I never thought reading about the techniques of rhetoric could be fun but The Elements of Eloquence by Mark Forsyth (The Inky Fool) is hilarious. The subject of rhetoric goes back to the Ancient Greeks and they invented a multitude of verbal tricks to entice their listeners to become attentive to the speaker’s way of saying things as well as the content of what they were saying. This book isn’t about the truth or falsity of a speaker’s statements but explores ear-catching and mind-catching turns of phrase.
There are 239 pages, in thirty-nine chapters, with wonderful Greek names like polyptoton, merism, synaesthesia, with definitions and examples. The whole book is a riotous romp through the comedy of the last two and a half millennia of fancified blather.
One of my friends from years ago, back in Berkeley, mentioned one day that he had a degree in rhetoric, and I remember saying something to the effect that it was a degree aimed at lying to win your arguments. There may be a distant odor of truth to that accusation, but that is not the route this book takes. The goal here is to make you more cognizant of your writing and speaking, and help your words become more interesting and more memorable. That is why I am enjoying this book, and why I will attempt to develop some of these fun little devices into personal habits. My simple-minded and a bit selfish reason for doing this is because most people find me boring. Perhaps this will help.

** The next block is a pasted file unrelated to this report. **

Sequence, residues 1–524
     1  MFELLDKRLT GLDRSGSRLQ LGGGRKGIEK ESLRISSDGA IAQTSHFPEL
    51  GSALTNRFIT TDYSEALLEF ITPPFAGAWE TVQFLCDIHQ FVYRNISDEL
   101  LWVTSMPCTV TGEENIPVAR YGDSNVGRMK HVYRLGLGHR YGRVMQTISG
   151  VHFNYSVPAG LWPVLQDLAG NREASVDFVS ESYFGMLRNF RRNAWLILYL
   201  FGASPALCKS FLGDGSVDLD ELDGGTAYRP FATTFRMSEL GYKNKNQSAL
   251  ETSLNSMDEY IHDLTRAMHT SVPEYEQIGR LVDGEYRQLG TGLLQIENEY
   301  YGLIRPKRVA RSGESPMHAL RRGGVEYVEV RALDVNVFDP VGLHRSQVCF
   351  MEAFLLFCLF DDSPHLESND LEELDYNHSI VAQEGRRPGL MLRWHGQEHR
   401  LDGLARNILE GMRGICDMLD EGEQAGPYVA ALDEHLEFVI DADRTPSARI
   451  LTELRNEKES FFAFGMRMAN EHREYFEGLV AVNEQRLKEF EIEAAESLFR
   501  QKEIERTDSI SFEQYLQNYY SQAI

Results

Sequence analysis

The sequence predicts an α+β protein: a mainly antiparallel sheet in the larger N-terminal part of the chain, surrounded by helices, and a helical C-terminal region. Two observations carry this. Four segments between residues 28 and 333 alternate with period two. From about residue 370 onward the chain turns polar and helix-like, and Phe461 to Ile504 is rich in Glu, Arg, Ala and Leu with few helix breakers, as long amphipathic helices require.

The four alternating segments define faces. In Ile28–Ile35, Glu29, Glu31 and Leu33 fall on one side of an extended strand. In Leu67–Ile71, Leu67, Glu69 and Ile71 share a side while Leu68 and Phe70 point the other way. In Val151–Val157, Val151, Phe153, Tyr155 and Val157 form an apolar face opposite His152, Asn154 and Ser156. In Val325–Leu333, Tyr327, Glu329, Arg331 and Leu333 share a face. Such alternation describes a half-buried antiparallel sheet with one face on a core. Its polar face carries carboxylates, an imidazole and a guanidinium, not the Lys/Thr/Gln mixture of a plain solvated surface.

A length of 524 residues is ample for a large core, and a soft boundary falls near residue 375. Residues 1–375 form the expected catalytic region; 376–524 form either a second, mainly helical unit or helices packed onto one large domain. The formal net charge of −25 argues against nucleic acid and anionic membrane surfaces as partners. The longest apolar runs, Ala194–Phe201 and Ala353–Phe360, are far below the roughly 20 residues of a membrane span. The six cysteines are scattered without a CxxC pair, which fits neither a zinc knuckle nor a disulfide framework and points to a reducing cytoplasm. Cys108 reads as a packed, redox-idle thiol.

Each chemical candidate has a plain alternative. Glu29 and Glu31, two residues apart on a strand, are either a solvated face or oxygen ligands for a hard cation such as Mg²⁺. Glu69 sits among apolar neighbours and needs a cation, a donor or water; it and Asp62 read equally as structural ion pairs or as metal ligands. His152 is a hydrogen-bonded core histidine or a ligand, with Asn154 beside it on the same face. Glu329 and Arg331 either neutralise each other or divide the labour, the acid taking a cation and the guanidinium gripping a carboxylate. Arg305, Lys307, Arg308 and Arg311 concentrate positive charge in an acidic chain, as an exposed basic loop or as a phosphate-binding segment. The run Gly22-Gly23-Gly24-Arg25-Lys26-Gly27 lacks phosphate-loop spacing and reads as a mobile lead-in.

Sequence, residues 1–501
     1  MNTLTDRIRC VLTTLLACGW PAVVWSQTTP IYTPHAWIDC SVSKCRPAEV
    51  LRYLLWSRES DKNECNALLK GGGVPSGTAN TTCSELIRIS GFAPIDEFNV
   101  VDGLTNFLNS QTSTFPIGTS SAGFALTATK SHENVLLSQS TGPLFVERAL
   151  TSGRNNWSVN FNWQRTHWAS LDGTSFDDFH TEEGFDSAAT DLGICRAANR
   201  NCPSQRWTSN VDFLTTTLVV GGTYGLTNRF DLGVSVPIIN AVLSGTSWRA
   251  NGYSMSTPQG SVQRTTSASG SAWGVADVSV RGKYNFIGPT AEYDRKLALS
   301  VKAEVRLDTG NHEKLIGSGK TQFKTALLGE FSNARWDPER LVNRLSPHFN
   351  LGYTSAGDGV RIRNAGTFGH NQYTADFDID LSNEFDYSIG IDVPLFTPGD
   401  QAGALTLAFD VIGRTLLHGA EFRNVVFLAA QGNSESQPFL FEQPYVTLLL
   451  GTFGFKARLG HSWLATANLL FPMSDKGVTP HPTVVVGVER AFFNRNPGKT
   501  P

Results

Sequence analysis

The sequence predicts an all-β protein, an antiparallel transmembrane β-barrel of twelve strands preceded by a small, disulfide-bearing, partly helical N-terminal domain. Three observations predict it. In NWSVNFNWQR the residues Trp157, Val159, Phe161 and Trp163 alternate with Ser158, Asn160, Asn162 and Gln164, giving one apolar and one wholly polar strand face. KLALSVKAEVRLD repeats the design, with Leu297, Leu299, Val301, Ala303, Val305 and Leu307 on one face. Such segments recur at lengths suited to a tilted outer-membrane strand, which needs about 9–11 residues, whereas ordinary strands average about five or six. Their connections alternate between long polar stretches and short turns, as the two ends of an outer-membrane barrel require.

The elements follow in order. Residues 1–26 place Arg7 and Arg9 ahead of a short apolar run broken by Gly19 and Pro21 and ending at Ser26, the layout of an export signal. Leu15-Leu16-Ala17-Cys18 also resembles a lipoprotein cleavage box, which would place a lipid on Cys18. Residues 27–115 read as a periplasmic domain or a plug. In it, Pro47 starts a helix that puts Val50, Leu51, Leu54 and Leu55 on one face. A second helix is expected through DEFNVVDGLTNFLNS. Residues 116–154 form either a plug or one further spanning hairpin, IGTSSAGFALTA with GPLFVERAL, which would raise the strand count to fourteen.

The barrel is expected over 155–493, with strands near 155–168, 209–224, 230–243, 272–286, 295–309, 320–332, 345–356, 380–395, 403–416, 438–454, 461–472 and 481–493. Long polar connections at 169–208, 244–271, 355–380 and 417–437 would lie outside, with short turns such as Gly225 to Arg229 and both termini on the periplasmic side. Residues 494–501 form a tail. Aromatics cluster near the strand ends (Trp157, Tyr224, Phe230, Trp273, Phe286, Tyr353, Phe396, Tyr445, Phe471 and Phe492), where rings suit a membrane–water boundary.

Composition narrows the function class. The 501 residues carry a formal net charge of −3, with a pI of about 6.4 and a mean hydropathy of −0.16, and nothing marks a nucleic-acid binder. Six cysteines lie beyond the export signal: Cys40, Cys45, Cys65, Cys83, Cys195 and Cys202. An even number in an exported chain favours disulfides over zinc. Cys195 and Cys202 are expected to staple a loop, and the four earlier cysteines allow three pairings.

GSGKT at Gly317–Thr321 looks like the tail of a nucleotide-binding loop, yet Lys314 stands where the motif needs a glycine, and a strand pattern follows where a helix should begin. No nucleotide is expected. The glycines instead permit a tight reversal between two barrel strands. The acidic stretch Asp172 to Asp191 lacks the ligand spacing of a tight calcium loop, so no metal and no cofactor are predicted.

I like to talk about stuff after the hello — how are you feeling, — fine — how are you — fine, … which is a dialogue that some people can carry on for minutes, and consider it a deep conversation when they finally get around to the local weather and the forecast for next week. With the techniques offered in The Elements of Eloquence, it may become possible for me to carry on those inane conversations in a way that becomes exciting, at least for me, and perhaps to my interlocutors. Perhaps these conversations will be an opportunity to practice merism, that is, “words’ for words’ sake: a gushing torrent of invention filled with noun and noun and signifying nothing.” As I write this it seems more likely that I would slip over into blazon – which is a merism too far.
The techniques discussed in this book are made to sound foolish, and to be manipulative of the recipient’s thoughts, mind, and will. But, isn’t every word spoken to another guilty of that, and if that is accepted why shouldn’t we be as adept at becoming interesting as possible?
If your speech be honest it’s fair to be eloquent.